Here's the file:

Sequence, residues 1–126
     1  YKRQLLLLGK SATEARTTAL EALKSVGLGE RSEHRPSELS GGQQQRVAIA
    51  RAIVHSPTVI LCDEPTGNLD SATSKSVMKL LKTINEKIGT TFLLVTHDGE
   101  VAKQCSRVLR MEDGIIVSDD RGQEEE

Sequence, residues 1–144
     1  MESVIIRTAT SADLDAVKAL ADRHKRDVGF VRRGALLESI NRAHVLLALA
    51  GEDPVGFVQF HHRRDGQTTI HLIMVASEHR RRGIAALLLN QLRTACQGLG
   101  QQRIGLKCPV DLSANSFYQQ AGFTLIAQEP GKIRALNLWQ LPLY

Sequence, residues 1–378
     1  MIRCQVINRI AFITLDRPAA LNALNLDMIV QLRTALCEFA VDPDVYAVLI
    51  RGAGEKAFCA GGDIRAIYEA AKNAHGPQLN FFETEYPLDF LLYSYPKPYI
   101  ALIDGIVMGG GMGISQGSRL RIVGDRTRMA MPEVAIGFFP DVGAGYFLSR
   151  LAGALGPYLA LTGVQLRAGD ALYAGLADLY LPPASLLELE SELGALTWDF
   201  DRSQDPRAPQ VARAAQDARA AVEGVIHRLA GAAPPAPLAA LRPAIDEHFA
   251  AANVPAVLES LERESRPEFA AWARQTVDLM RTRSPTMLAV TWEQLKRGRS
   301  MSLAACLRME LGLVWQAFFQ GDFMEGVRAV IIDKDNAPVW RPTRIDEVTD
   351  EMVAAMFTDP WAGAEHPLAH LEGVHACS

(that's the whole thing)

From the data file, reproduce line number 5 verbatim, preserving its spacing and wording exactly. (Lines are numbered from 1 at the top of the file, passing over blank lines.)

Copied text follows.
Sequence, residues 1–144